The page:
How Not to Predict the Future

How Not to Predict the Future
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When you spend a lot of time thinking about emerging technology, you begin to notice certain things that are naturally just assumed to be true about the future, as if everyone just knows them. These ideas are so widespread and infrequently challenged that they come to seem inevitable.

These are also things that a lot of people really want to be true. What a coincidence.

So we take for granted that electric cars are the future, and the internal combustion engine is on the way out. That we're going to power everything with renewable energy, especially solar, and oil is a dinosaur (so to speak). And when self-driving cars are perfected, which will be any day now, they are going to put millions of blue-collar workers out of a job. But at least they will free up huge amounts of space inside cities, where we'll be able to replace ugly streets and parking lots with parks and playgrounds and affordable housing.

I hate to be the one to break it to you that a lot of these predictions are based on dubious assumptions and a dubious methodology. They survive and become widely accepted, not because they have been rigorously proven, but because they are "too good to check."

The field of meteorology has given us a very useful term for this: "wishcasting." It started with the observation that weathermen disproportionately predict sunny weather on the 4th of July and snow on Christmas Day. Their forecasts are influenced, not just by the evidence, but by what they (or their audience) want to hear. The term has since made the jump into politics, where it is used to describe the tendency of pundits to interpret the latest polls to show that their guy is winning and the other guy is fading, irrespective of the actual numbers.

It's no surprise that futurists tend to do the same thing, and often for the same motives: wish-fulfillment for their political preferences. Robots will be doing all of our work for us, they tell us, so we can finally afford to sit back and enjoy a generous "basic income" provided by the government. We will have everything powered with solar energy and batteries and electric cars, so we can finally shut down the oil companies without having to sacrifice our First World lifestyle. These are the fondest wishes of those with a certain cultural or political predisposition, so it is comforting to hear projections that technology will inevitably deliver these things.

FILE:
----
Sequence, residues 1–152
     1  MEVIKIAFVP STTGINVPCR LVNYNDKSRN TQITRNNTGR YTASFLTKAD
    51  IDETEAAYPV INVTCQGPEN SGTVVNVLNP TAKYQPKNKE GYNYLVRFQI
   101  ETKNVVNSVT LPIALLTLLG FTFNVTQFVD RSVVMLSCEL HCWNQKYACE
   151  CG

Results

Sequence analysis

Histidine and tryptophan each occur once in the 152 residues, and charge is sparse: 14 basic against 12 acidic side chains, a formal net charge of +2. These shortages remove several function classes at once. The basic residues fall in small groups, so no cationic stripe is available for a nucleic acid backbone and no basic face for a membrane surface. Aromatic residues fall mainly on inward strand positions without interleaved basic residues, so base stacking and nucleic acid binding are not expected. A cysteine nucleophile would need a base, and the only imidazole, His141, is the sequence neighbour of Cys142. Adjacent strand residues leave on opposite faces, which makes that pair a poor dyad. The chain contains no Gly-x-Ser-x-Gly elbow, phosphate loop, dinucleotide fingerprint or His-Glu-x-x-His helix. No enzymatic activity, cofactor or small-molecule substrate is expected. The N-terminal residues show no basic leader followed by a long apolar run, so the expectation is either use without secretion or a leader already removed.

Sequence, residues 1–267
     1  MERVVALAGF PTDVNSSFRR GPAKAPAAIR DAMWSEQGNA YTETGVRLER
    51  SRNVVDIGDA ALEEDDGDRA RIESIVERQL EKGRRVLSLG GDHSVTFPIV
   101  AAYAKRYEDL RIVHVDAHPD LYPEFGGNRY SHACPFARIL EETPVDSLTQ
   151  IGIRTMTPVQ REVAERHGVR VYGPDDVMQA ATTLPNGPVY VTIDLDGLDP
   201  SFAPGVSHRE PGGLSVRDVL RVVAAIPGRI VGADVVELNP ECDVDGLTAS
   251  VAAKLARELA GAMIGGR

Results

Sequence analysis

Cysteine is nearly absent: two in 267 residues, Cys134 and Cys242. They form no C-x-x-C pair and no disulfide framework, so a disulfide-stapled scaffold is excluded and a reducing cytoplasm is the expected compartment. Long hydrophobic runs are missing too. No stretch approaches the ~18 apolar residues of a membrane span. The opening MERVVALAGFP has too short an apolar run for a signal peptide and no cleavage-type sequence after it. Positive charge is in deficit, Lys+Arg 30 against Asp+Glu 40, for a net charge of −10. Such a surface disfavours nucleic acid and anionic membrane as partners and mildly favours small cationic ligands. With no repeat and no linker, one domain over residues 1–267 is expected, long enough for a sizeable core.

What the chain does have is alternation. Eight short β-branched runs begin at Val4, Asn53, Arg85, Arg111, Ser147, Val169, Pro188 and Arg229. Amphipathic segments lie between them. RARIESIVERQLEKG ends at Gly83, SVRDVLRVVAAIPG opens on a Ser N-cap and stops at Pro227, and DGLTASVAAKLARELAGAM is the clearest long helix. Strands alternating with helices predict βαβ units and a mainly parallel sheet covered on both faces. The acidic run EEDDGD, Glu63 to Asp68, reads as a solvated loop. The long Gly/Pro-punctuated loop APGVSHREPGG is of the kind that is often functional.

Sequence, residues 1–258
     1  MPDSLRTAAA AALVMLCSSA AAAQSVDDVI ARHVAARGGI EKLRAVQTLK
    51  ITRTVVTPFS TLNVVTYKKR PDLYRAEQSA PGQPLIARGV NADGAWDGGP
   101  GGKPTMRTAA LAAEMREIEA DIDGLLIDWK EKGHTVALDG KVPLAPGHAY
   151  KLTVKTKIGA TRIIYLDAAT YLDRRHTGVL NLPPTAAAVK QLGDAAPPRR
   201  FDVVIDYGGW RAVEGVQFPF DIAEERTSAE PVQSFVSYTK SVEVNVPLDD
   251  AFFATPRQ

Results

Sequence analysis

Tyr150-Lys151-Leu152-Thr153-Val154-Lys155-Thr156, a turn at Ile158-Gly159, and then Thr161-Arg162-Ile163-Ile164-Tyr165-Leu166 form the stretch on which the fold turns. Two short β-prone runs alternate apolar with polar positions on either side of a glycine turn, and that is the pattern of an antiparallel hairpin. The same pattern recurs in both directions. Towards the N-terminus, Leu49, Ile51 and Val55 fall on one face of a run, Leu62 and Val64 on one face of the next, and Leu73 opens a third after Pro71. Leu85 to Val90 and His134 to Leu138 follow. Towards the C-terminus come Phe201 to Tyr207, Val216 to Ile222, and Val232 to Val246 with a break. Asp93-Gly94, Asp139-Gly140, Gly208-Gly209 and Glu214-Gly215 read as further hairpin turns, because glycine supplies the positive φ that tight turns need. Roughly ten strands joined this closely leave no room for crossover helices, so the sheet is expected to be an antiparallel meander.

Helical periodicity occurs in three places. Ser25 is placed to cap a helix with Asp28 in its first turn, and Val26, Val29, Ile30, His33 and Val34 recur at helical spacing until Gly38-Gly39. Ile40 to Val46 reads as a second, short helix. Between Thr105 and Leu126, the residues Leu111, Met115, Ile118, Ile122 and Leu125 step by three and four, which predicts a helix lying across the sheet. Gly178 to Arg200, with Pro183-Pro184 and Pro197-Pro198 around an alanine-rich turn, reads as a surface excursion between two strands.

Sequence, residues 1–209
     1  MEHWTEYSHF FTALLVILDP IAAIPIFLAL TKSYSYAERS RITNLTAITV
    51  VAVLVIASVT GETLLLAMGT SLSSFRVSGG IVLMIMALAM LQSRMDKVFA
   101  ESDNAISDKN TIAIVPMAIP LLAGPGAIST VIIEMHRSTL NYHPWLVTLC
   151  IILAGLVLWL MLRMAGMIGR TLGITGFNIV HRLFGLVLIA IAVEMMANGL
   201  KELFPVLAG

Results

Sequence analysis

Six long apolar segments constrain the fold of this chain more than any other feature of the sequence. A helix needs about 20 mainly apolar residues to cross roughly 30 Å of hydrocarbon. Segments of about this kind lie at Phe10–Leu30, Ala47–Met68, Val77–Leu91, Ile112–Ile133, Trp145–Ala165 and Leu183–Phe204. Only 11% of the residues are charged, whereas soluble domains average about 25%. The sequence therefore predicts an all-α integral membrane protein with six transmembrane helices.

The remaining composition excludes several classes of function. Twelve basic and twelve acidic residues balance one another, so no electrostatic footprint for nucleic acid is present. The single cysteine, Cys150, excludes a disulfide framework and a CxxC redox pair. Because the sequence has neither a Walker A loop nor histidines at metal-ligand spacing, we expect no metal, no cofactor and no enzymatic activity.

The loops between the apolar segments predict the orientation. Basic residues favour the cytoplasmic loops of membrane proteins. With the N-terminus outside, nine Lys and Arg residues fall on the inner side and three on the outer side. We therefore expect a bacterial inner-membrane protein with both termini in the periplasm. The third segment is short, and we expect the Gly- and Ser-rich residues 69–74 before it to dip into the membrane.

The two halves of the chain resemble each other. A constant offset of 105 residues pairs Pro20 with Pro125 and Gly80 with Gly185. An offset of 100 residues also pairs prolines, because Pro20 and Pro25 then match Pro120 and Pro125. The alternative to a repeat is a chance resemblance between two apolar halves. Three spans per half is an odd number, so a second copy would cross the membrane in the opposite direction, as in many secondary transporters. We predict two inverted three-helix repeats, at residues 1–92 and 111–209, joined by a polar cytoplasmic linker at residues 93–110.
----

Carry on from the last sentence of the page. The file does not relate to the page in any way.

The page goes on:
(There is also a perverse mirror image of this, which is that there is always a market for dystopian predictions which tell us that technology is going to destroy us, as we always knew it would in the end.)

But a lot of these predictions depend on a very basic methodological error. They assume that new technology will change the way people live and work and think and make money—but only in one way. New technology will revolutionize life in one particular respect, while everything else will stay the same.

This, by the way, is also the leading cause of Zeerust, the datedness of old projections of the future. In the original "Star Trek" series, for example, we were going to figure out how to travel many time faster than the speed of light, but we would still be controlling all of our machines with kludgy Bakelite push-buttons from 1966. Or consider the old AT&T ads from the early 1990s, which speculated that one day you would use a tablet computer to send a fax from the beach. A lot of us own tablet computers, but when was the last time you sent a fax?

Similarly, we are shown the latest advances in the cost and efficiency of electric vehicles, and we are asked to project from this how quickly electric cars will surpass the internal combustion engine—but we assume (wrongly) that there are no advances being made in the internal combustion engine. Or we are told about the latest advances that will improve the economics of solar power, while fracking is quietly making its own advances that will make fossil fuels cheaper.

And let's take a closer look at that claim about self-driving cars and parking lots.